Straying out of one’s area of expertise can be dangerous, but Danger is my middle name [Not to be confused with Carlos Danger].
A paper, published online in the journal Circulation, says that every home foreclosure within 100 meters of someone’s house is associated with a statistically significant 1.71 mmHg rise in systolic blood pressure in that individual, p = 0.03, 95% CI 0.18 – 3.24.
Circulation has a journal impact factor of 15.2, making it the leading journal in cardiovascular disease. Who am I to question what it publishes?
However after reading the article, I thought of some questions anyway.
Blood pressures were taken by physicians with patients in a sitting position using a mercury column sphygmomanometer.
Is it valid to take measurements of mmHg from a sphygmomanometer out to 2 decimal places? No. “The number of decimal places and/or significant figures must reflect the degree of precision of the original measurement.” [via Rice University Experimental Biosciences]
How reliable are mercury column sphygmomanometers for taking blood pressures? Not very.
A paper from the British Medical Journal says that “terminal digit preference” can be a huge problem. Doctors may have a 12-fold bias in favor of the terminal digit zero; this has grave implications for decisions on diagnosis and treatment, although its greatest effect is in epidemiological and research studies in which it can distort the frequency distribution curve and reduce the power of statistical tests. [Emphasis mine]
A paper in the Journal of Human Hypertension reported that blood pressure can fluctuate markedly with respiration, movement, and even talking. Systolic blood pressure decreased by 4.4 mmHg with deep breathing, increased by 3.7 mmHg with opposite arm movement, and increased by 5.3 mmHg with talking (all p < 0.001).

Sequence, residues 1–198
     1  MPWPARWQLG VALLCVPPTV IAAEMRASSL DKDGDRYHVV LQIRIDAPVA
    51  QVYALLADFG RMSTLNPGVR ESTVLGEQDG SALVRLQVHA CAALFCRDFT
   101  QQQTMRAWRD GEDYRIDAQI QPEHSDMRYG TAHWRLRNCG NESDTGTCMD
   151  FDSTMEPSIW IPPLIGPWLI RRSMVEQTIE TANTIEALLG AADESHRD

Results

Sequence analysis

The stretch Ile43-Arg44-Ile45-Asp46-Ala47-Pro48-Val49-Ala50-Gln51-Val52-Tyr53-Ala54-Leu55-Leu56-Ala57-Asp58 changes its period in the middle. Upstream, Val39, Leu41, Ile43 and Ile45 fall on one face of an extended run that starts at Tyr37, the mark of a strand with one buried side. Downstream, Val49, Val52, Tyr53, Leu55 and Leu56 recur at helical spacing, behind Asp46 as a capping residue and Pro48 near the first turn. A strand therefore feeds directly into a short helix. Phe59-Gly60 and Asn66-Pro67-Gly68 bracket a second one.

Another paper looked at sphygmomanometers. Of the mercury sphygmomanometers tested 21 % were found to be inaccurate … due to excessive bouncing, illegibility of the gauge, blockage of the filter, and lack of mercury in the reservoir. Rubber aging occurred in 34% and 25%, leaks/holes in 19% and 18%, and leaks in the pump bulb in 16% and 30% of hospital devices and private practice devices, respectively.
What about confounding variables? The authors controlled for age, race, sex, income, years of education, BMI, and self-reported alcohol intake. From the paper: When body mass index and alcohol consumption were included simultaneously, the association between proximate foreclosures and systolic blood pressure decreased in magnitude and became statistically insignificant.
Can you think of any other confounding variables that might have occurred over the 25-year span of this study?
Here is the key question: “What is the clinical importance of a rise in systolic blood pressure of 1.71 or even 3.42 mmHg?”
As I have said before [here], statistical significance may not necessarily mean clinical significance.
Skeptical Scalpel is a retired surgeon and was a surgical department chairman and residency program director for many years. He is board-certified in general surgery and critical care and has re-certified in both several times. He blogs at SkepticalScalpel.blogspot.com and tweets as @SkepticScalpel. His blog averages over 1400 page views per day, and he has over 9300 followers on Twitter.
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